I find the traditional account of the Norse settlement of Greenland, of farmers and herdsmen coming to the island on the advice of Erik the Red, struggling to make a living, and gradually declining over the centuries, strangely appealing. It is a tragic story of deception, fighting against the odds, and the ultimate triumph of nature over man. On reflection, though, the account doesn't match what most historians (and, I think, most people) know about overseas colonization: people rarely undertake something so dangerous, certainly not for hundreds of years at a time, without the promise of profitable returns.
Archaeologists have long known, thanks to Norse artifacts found in Native American sites, that the Greenlanders weren't just isolated farmers. They certainly traded with their Inuit neighbors and had at least one post on Helluland (Baffin Island) in the fourteenth century. Thomas McGovern now argues that the Norse came to Greenland for commercial reasons – specifically, to harvest walrus tusks, one of medieval Europe's primary sources of ivory. Walrus proved hard to come by: it took a month of hard rowing to reach and return from the prime breeding grounds in Disko Bay (latitude 69 North). But significant rewards came to those who made the effort: 520 tusks, extracted from 260 rotting walrus heads, “had the same value as 780 cows or 60 tons of fish.”*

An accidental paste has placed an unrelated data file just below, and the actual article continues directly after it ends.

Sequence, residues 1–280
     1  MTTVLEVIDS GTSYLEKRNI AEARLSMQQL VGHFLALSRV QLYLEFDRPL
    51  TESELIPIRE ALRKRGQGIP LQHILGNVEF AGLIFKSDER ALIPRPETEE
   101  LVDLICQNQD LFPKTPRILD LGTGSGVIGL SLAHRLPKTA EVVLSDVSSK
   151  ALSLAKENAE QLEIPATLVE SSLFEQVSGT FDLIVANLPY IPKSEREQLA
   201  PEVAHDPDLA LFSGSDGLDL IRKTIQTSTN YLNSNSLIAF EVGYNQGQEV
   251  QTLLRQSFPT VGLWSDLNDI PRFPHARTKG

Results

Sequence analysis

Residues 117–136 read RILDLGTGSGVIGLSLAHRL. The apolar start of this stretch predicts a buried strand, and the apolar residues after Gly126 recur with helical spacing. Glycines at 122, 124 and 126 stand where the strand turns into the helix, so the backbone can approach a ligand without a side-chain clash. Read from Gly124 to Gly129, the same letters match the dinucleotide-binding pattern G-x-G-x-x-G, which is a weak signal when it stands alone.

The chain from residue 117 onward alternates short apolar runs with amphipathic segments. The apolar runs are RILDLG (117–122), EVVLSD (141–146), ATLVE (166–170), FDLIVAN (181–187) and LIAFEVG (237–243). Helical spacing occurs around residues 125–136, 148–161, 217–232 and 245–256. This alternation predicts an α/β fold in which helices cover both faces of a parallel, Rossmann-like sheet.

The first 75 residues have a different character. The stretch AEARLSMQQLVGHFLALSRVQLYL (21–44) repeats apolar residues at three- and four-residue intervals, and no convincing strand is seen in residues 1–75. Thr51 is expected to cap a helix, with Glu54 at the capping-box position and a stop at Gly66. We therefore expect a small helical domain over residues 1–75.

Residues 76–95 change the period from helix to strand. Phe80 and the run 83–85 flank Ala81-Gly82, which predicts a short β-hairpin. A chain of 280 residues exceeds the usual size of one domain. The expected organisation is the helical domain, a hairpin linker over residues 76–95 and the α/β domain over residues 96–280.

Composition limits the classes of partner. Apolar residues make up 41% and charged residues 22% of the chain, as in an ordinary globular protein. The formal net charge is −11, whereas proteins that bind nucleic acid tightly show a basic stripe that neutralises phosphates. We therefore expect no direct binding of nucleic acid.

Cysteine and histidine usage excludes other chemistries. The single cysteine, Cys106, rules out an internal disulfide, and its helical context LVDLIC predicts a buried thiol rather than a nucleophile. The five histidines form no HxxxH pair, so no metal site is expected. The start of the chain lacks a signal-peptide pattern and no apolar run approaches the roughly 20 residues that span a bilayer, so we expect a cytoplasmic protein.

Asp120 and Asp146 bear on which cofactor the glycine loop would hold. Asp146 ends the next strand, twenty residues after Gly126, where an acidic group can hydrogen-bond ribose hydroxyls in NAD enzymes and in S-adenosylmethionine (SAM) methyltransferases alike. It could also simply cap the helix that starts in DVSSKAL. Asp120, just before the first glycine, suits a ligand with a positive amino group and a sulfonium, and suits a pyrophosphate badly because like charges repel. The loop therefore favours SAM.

McGovern also believes economic change, not climate change, killed the colony in the fourteenth century. Ivory belonged to Europe's elite, “prestige-good” economy, but around 1250 CE Europe's merchants began shifting from prestige goods to staple goods, like food and wool. Prices for ivory fell, and then plummeted when the Black Death (1346-50) killed off the Greenlanders' customers. Perhaps the Norse colony might have recovered later, but the Little Ice Age made Disko Bay increasingly inaccessible to small craft. Between 1364 and 1409 the surviving Norse abandoned their settlements as unprofitable, and left Greenland to the people who had actually come there to settle permanently: the Inuit.
* I've not been able to find current equivalents for these, but during the second half of the eighteenth century, colonial American merchants charged 15-20 GBP per ton of fish. (James Lydon, "Fish and Flour for Gold," Program in Early American Economy and Society, Library Co. of Philadelphia , p. 79.)
(Above image, of Disko Bay, courtesy of Algkalv and Wikimedia Commons.)